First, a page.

Dance music hitmaker and '90s pop sensation Crystal Waters has always had strong support from the gay community, in part because of her chosen genre of music. Dance music, after all, holds a near-monopoly on at least gay men's attention. But when asked about it, Waters jokes about another, more immediate reason for her gay appeal.
''Hanging out on 17th Street didn't help!'' laughs the long-time Silver Spring resident, who regularly people-watched on the patio of the old Foodbar. She now makes occasional visits to Halo.
When she's not hanging out in the gayborhood, Waters repeatedly provides the soundtrack to our times at play. She's responsible for some of the catchiest, most indelible pop and dance hits of the past two decades. ''Gypsy Woman (She's Homeless),'' ''My Time,'' ''100% Pure Love,'' ''Say...If You Feel Alright,'' ''Come On Down'' -- her songs all feature her signature sassy but sweet, playful party sound. This year she's making her return to Capital Pride after nearly a decade away, and after several years' absence from the dance scene.
Finally, Crystal Waters is back.
''I know half the people down there,'' Waters says about Pride organizers, ''and they finally asked me again.'' She then adds, with a laugh, ''I think they got tired of me a little bit.'' The timing is also fortuitous: She's just released a new single, another infectious club-pleaser, ''Destination Calabria,'' which could become this summer's dance anthem.
''We were hoping that by the time it got to be gay pride my new record would be here in the states,'' she says. After Los Angeles Pride the night before, D.C. will be the first place Waters performs it in the states.
And that's just the start of more to come from Waters.
''It always happens all at once, you know? I've taken a long enough break I think,'' Waters says.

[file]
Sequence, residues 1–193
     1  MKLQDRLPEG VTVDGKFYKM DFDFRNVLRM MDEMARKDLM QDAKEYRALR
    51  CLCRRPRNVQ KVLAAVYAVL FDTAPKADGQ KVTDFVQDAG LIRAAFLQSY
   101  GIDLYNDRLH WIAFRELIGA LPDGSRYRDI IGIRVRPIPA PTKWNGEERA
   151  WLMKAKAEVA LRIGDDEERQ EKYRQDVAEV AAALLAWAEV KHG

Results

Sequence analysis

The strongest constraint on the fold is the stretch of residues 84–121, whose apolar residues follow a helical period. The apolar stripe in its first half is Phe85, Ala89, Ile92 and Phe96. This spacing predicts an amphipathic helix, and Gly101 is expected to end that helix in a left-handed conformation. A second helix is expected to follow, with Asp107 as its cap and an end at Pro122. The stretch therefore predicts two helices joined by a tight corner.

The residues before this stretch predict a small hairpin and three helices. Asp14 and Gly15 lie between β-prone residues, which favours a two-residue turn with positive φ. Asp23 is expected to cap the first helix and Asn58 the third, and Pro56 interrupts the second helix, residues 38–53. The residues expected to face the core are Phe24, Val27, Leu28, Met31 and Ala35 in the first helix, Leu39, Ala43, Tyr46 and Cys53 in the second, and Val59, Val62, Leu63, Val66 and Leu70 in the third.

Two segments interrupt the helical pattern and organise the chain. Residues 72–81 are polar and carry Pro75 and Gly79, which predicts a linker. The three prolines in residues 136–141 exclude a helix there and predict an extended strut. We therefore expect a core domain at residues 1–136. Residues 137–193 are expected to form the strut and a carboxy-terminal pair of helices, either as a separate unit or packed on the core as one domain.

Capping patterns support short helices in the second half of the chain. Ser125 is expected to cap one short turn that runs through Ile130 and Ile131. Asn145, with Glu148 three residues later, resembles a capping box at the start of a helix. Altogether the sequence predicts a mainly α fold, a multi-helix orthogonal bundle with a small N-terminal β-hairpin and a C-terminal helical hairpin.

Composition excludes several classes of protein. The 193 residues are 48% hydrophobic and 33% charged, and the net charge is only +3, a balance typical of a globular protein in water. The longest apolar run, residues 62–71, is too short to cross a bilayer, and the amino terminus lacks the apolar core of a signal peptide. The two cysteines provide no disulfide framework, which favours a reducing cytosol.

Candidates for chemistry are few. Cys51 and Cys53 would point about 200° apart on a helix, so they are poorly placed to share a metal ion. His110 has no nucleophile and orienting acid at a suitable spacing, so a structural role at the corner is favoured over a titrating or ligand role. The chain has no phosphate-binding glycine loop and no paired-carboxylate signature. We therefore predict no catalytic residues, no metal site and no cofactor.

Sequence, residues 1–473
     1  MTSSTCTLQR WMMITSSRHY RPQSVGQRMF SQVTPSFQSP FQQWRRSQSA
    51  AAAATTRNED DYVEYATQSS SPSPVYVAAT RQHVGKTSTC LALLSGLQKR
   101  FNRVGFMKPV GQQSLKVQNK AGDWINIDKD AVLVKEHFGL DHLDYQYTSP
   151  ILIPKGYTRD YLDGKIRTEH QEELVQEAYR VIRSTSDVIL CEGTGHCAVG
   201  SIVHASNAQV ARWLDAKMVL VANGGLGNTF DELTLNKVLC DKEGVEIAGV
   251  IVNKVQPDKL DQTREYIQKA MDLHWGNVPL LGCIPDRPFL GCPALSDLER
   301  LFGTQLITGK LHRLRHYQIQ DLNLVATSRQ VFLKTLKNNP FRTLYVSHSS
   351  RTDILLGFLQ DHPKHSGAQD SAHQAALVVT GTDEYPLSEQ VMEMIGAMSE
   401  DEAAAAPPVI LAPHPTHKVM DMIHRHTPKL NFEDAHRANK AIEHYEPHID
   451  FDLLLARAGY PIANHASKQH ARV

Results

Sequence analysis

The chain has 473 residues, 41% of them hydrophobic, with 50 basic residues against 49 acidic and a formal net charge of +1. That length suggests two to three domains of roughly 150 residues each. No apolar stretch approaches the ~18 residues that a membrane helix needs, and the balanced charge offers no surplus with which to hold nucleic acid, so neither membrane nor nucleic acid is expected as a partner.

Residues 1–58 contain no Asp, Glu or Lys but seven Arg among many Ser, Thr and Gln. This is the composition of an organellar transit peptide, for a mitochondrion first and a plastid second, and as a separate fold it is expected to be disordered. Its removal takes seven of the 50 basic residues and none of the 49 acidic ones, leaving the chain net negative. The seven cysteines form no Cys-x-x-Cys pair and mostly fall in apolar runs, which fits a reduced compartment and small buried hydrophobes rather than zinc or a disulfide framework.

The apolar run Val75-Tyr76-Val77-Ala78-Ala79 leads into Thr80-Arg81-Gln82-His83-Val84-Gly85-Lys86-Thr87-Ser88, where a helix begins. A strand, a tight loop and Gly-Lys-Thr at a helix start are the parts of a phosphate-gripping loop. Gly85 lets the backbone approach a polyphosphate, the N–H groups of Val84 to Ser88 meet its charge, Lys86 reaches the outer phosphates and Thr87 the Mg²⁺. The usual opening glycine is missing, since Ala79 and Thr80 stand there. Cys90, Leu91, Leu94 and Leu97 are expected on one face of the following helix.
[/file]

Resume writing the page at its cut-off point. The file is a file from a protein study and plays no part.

The break itself wasn't exactly planned. Strictly Rhythm Records went bankrupt a few years ago, leaving Waters without a label home, and leaving in limbo several singles she had already recorded. But now, the British dance label Defected has revived Strictly Rhythm, and with it, in some measure, Waters's career. More than ever the dance genre is driven by singles, yet Waters hopes to put together a new album in the coming years.
Meantime, another single, ''Enough,'' will be out soon. Though not right away: Her label is ''gonna ride the storm as long as they can,'' Waters says, referring to letting ''Destination'' run its course this summer, even pushing for mainstream attention. ''They're going for radio with it, so that's rare,'' she says. ''Keep your fingers crossed.''
Waters hasn't had mainstream attention in a decade, and her very first hit remains her biggest. ''I had the melody, but I just couldn't find any words short enough or that made any sense for the hook,'' Waters says about the genesis of ''Gypsy Woman.'' ''So then I finally said, 'Who could be singing this little ''la da dee, la dee da?' And that's when I thought of the woman who used to stand on Connecticut Avenue and sing gospel songs.'' Waters hasn't seen or heard from the woman she made famous in a while.
''After the song came out she disappeared, moved to Florida or something,'' says Waters. ''The people were just bothering her too much. Hopefully she's doing well.''
Waters encountered this Connecticut Avenue homeless woman while working for the Washington D.C. Parole Board. ''I was bored with my job and I needed something else,'' Waters says, but she wasn't sure what. Though Waters comes from a musical family -- her father was a jazz musician, her aunt was the famous Cotton Club singer Ethel Waters -- Waters herself hadn't even thought to get involved with music because, she says, ''I was too shy.'' Her co-workers at the Parole Board encouraged her to give it a shot.
Waters didn't initially intend to sing ''Gypsy Woman.'' That was one of several songs Waters offered to producers working with fellow '90s dance-pop sensation Ultra Nate. They encouraged her to record it herself. Now, of course, you can't imagine Nate or anyone else singing it, or seeing Waters perform without it. ''I think I'll be singing 'Gypsy' till I die, you know,'' Waters says. ''It pays the bills, sweetheart.''
Waters hasn't moved from the D.C. area since arriving here more than two decades ago from New Jersey to attend Howard University. Aside from socializing in Dupont Circle, Waters declines to talk about her life outside of music, saying, ''D.C. is small enough -- people who know me, they know.''
Crystal Waters will perform Sunday June 10, at approximately 5:25 p.m. on the Capital Pride Festival Mainstage, closing out the day's entertainment.